The Scandal of Credit Card Bankruptcies

University of Canberra lecturer and former financial counsellor Gregory Mowle has interviewed 26 bankrupts as part of his PhD research into personal bankruptcy.

Most finger the plastic for their financial woes.

“They say credit cards are very dangerous, we don’t like credit cards,” Mr Mowle told ABC’s The Business.

“We’d actually prefer to go to a payday lender, because at least that’s over a fixed term, it’s going to be paid off over say six months.”

Mr Mowle’s research is backed up by the experience of Victoria’s Consumer Action Law Centre.

“Around half the people that contact us actually have credit card debt of over $10,000,” said the centre’s chief executive Gerard Brody.

“Many have many thousands more than that in credit card debt and, in fact, we’ve worked out that at least one person a week that contacts our centre has credit card debt of more than $100,000.”

Mr Mowle said many people were stuck on a credit card “merry-go-round”.

“They actually made that work for a long period of time, in some cases three or four years, but eventually it just takes one little thing for that house of cards, excuse the pun, to completely fall down.”

Pensioner pursued for card debts after already losing home

It is an experience that many people the ABC spoke to can identify with.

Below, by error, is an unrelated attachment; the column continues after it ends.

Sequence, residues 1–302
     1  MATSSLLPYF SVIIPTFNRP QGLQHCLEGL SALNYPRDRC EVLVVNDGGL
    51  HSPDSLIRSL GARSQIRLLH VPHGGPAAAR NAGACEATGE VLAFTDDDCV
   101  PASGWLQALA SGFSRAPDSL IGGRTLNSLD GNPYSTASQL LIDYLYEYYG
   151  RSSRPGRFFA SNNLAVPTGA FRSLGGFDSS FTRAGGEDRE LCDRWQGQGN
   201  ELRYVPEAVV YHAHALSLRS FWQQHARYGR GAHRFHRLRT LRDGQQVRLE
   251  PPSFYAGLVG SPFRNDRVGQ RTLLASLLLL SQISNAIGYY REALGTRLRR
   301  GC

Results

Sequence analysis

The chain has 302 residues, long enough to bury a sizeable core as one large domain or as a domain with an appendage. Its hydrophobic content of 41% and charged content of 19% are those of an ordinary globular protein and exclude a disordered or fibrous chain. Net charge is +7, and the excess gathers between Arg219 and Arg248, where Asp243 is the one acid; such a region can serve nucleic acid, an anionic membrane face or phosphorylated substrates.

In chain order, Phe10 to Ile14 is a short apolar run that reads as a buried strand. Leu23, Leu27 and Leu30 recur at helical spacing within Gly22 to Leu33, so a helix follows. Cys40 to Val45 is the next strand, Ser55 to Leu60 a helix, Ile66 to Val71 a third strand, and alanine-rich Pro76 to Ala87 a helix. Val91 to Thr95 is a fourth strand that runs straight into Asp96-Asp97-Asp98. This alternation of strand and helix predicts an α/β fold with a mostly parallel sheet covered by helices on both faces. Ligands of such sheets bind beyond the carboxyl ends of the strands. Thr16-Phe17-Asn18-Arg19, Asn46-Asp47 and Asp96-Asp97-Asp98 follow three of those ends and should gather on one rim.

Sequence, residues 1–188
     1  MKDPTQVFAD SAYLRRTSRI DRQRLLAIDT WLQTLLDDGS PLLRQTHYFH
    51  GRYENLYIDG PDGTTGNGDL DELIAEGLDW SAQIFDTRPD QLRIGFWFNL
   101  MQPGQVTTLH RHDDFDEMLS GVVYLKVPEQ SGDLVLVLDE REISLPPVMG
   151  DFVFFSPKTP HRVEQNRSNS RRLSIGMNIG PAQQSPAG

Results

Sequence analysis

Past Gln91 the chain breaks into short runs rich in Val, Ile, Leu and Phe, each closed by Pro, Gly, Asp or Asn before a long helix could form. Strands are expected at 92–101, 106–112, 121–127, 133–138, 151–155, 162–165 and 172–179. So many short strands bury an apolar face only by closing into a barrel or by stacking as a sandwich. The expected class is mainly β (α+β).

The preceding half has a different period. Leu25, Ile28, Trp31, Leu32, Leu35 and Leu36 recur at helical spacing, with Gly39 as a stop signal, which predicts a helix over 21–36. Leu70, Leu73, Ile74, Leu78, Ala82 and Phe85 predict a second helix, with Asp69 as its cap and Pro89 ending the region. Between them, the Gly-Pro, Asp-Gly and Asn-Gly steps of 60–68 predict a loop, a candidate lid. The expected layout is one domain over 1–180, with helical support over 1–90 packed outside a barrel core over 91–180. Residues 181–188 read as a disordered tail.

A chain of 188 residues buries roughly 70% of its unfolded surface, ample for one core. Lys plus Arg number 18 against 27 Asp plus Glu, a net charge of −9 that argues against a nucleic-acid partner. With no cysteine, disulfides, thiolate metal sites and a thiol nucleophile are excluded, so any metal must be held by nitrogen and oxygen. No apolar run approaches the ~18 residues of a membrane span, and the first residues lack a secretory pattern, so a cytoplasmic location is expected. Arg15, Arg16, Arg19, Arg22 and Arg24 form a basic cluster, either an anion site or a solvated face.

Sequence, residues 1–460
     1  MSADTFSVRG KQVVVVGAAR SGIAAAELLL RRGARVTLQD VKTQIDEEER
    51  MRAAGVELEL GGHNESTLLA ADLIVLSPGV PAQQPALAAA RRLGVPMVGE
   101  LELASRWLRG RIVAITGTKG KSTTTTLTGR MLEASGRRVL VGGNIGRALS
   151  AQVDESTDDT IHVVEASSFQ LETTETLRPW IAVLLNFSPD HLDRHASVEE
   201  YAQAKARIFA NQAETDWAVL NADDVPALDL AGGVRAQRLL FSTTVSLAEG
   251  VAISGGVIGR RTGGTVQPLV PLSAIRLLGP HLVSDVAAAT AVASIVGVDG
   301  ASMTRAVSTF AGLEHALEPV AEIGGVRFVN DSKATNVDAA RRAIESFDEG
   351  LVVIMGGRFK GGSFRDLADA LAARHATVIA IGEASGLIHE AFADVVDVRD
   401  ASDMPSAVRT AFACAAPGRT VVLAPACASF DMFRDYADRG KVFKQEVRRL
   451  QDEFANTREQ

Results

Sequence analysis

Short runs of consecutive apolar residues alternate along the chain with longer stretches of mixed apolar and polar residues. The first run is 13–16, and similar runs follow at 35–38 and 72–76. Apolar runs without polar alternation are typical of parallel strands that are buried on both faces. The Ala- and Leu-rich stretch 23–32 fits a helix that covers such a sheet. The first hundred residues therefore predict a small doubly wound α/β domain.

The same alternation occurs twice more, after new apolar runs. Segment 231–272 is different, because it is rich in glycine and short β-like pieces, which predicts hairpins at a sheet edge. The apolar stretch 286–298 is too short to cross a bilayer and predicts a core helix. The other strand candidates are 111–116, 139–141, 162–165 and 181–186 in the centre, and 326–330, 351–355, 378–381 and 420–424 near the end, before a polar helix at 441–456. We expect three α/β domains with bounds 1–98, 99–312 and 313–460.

Mary* asked for her identity to be concealed because she only just reached a deal with her bank to clear her debts.

It was mainly investment property loans that got Mary into financial trouble, but her $14,000 credit card debt proved almost as difficult to resolve.

After being forced to liquidate her investment properties and sell her own home to repay her loans, Mary was still inundated with calls from her bank’s overseas call centres about the card debt.

“The 40 phone calls, that was during working hours while I was trying to work, four or five calls a day, and then on Saturdays and on Sundays,” she said.

“It wasn’t very pleasant at all.”

The experience was all the more galling because Mary did not even ask for the card in the first place.

“That came with the investment loan — it was a $25,000 limit and I didn’t want it,” she said.

It has become common practice for banks to push credit cards onto home loan customers.

After years of battling the bank, Mary said it took the eventual intervention of the financial ombudsman and repeated pleas to various bank officers, right up to the chief executive, to have her matter resolved.

“I had sold my own home — I would get nothing out of that because during the time that I had borrowed money from different people I’d paid all those monies back — there was nothing left,” she explained.

“That’s why I had to sell the car, ’cause I was only on the pension at that stage and I didn’t have any money for that.

“So the bank officer agreed to take the credit card and wipe that as well. What else were they going to do?”

Mary should not have been approved for the home loan in the first place, let alone the credit card on top of it.

The ABC has seen loan documents that put her income at $500,000 per annum.

While she had earned $24,000 in a single month, Mary was on commissions and did not earn anything many other months.

She said her annual income was closer to $50,000 — something the bank should have known, given that all her accounts were with them.